Tl;dr The iOS team is planning to implement event logging (spec slides) for the reading list feature and we need your suggestion
As you all know, the iOS team has been using Piwik to track user behaviors, but it doesn’t work very well because piwik can’t handle the volume of events from iOS app. We’re also sending data to some event logging schemas, but a lot of them haven’t been maintained for a long while (e.g. T192520) or not collecting the data we want. As a first step to sunset piwik, we decide to implement event logging for the synced reading list feature on the iOS app and adopt a format that is used by Piwik and Google Analytics. We will gradually implement EL on other features using the same format, and we will stop using piwik and clean up unused EL schemas after we finish. Before proceeding, we want to reach out to the interested & affected parties for feedback and suggestion.
We will implement several event tables and one user properties table.
The event tables will record users’ interaction with the app using 4 fields: Category (on which screen), Label (optional, on what element of that screen), Action (what action did the user perform), Measure (optional, if there is a number associated). In addition to the standard event capsule, all app events would share a "meta schema" which provides the app specific context information. This capsule would include: app_install_id, primary_language, is_anon (whether this user is logged in), event_dt (client side timestamp) and session_id.
Because recording all the events in one table is not good for query efficiency, we will break it down by function (MobileWikiAppiOSReadingLists, MobileWikiAppiOSLoginAction, MobileWikiAppiOSSettingAction, MobileWikiAppiOSSessions), although all of them will have the same fields. Like other EL tables, the event tables will be purged after 90 days.
User Properties History Table
The user properties table (MobileWikiAppiOSUserHistory) is recording all the historical states of user properties. These properties include how many articles have they saved, how many reading lists have they created, have they turn on the reading list sync, primary language, text size choice, theme choice, etc. When users first open the app after install or update, we record these properties values (initial state) locally and send them to event logging server. At the end of each session, we take a snapshot of these properties: if ANY of these properties’ values have been changed comparing to user’s last snapshot, we send the new snapshot to the server with ALL properties values, the session_end timestamp and the session_id. If NONE of these properties’ values has changed, we won’t send the snapshot. Like the event tables, we will send a capsule with every user state, including app_install_id, event_dt and session_id.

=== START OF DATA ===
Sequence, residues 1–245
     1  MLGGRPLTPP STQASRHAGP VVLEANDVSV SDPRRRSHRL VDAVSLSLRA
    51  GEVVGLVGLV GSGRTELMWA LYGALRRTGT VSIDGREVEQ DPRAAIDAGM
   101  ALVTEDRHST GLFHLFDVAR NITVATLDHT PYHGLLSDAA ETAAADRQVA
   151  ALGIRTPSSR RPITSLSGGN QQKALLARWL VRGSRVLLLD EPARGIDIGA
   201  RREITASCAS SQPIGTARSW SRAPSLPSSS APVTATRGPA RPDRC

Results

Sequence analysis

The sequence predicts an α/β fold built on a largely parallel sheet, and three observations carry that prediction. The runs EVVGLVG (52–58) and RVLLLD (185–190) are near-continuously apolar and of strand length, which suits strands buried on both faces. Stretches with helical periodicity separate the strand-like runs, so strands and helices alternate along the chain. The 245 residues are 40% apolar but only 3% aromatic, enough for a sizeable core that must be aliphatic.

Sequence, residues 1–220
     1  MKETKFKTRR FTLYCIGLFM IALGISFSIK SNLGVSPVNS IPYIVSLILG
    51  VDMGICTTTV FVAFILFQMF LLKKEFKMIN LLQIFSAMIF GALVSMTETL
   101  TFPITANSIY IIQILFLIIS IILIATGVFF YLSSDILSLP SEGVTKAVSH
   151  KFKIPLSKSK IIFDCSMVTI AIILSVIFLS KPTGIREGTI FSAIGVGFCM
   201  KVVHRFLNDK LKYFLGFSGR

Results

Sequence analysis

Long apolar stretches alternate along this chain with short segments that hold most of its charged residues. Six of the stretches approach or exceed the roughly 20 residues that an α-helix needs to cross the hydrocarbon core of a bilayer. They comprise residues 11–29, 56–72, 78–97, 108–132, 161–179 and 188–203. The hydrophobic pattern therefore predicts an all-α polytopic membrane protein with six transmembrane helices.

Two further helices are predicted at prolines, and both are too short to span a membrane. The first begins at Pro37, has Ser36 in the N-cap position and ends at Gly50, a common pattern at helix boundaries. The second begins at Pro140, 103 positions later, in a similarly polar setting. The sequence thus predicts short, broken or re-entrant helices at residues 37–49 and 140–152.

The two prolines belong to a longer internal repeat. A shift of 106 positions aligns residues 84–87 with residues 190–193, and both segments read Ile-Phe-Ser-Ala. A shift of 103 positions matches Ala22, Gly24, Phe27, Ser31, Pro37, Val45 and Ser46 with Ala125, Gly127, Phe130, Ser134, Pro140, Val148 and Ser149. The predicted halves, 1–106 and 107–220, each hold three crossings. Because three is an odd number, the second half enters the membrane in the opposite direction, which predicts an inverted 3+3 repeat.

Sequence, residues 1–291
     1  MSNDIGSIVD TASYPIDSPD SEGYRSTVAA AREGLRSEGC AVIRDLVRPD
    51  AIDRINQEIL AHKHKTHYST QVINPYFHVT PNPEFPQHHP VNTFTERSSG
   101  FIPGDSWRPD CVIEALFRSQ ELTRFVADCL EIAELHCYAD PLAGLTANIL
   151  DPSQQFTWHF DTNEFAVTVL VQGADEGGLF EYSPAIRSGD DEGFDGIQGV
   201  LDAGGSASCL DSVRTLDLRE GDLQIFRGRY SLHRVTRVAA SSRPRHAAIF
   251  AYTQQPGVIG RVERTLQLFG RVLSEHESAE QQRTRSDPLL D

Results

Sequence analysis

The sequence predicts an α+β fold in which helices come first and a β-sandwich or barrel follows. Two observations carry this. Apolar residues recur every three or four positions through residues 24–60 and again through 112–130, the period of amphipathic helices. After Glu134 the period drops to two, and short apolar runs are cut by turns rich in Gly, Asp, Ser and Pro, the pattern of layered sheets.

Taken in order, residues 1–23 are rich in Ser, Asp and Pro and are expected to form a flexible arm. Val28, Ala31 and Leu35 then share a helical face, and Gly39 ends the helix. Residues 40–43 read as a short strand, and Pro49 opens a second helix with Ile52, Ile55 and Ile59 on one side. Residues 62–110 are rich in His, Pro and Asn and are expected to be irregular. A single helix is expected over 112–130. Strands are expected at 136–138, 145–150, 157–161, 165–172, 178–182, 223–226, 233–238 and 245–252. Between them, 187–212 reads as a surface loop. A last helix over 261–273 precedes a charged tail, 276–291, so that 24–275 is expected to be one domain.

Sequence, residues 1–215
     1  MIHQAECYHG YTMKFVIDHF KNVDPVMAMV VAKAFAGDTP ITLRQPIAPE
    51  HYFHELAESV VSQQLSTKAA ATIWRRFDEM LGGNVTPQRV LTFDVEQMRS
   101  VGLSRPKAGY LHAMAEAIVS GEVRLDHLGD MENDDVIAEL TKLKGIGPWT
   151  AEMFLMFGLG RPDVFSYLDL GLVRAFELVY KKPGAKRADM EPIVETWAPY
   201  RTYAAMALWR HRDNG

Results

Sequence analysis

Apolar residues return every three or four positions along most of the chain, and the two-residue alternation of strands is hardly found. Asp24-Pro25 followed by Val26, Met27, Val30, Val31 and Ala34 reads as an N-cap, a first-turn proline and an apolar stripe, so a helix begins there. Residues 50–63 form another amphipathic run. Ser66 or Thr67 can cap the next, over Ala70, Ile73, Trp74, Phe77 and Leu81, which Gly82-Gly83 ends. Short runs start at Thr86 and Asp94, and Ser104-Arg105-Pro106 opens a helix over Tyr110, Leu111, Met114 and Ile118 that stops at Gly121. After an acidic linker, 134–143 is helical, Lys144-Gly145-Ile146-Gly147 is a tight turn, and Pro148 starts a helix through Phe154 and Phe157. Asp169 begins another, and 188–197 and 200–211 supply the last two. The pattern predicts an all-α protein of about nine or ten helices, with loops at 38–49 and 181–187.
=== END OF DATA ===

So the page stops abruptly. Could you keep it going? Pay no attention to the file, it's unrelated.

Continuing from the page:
Unlike the event tables and other EL tables, the user properties table will NOT be purged except the IP address and user agent field (we will set IP and userAgent to NULL but keep OS version, app version and country). After discussing with legal, in order to keep users from being identified by this data, we are not going to track any users whose countries have small numbers of active users. Specifically, we will only collect data from users in the top 50 countries in this list (from US to Egypt), which is the average daily unique visitors by countries from Jan 1 - March 31 2018. We will keep monitoring this number, if some of these countries end up with very small number of active users in a period of time, we will adjust the list of countries we collect data from accordingly.
Because the volume of users who agree to share their usage data with us on iOS app is not very big, we will send all the data to Hadoop cluster (not send to Mysql at all) without sampling.
See the spec slide for more details and examples.
Why don’t we use Android team’s EL schemas?
In short, Android’s EL schema is tailor to Android's flow, and not immediately usable to iOS. Using the same schema requires adjustment on the implementation for both apps. Even after the adjustment, we still can't use the same logic to consume the data, which leaves almost no benefit to us for using the same schema.
Take the reading list EL schema as an example. We wanted to use MobileWikiAppReadingLists as Android did at first. But after reviewing the reading list flow on both app, we found that we have to add an 'addtodefault' event (see T190748#4098226 for more details). Even after this adjustment, if we want to count the number of articles added after the release, for iOS, we need to count the 'addtodefault' event; for Android, we need to count 'addtodefault', 'addtoexisting' and 'addtonew' event and then sum them up.
Why choose this format?
Using this format to store users’ events and properties can benefit us in the following ways:
- It fulfills our need and conforms to Analytics Engineering team’s guideline (although not 100%, see the question section below), which means it can be piped into Druid easily so that we can use superset to build a dashboard.
- Since all the event tables have the same fields, we can union them easily and then analyze the conversion funnel.
- This format is flexible enough for adding events, moving certain events from one table to another, and supporting new features in the future.